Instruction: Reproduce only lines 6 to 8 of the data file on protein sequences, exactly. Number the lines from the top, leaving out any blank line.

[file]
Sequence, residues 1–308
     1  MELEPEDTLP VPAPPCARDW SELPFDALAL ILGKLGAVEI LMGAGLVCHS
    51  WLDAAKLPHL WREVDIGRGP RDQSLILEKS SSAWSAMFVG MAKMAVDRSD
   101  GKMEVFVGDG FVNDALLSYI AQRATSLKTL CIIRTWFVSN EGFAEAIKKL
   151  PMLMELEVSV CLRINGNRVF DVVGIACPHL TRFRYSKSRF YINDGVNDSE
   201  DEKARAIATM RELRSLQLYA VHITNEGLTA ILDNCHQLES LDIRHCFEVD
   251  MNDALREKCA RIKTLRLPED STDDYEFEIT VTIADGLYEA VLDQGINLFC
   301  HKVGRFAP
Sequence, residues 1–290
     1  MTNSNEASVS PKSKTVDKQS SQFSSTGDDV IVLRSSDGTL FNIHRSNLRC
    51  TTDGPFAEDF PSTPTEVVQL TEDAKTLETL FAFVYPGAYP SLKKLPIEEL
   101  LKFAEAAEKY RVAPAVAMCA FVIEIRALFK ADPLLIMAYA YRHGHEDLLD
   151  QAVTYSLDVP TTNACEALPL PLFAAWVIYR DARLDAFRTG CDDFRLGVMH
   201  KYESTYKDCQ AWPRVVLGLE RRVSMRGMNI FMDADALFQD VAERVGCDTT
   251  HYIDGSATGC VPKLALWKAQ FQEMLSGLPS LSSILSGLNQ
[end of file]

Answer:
   201  DEKARAIATM RELRSLQLYA VHITNEGLTA ILDNCHQLES LDIRHCFEVD
   251  MNDALREKCA RIKTLRLPED STDDYEFEIT VTIADGLYEA VLDQGINLFC
   301  HKVGRFAP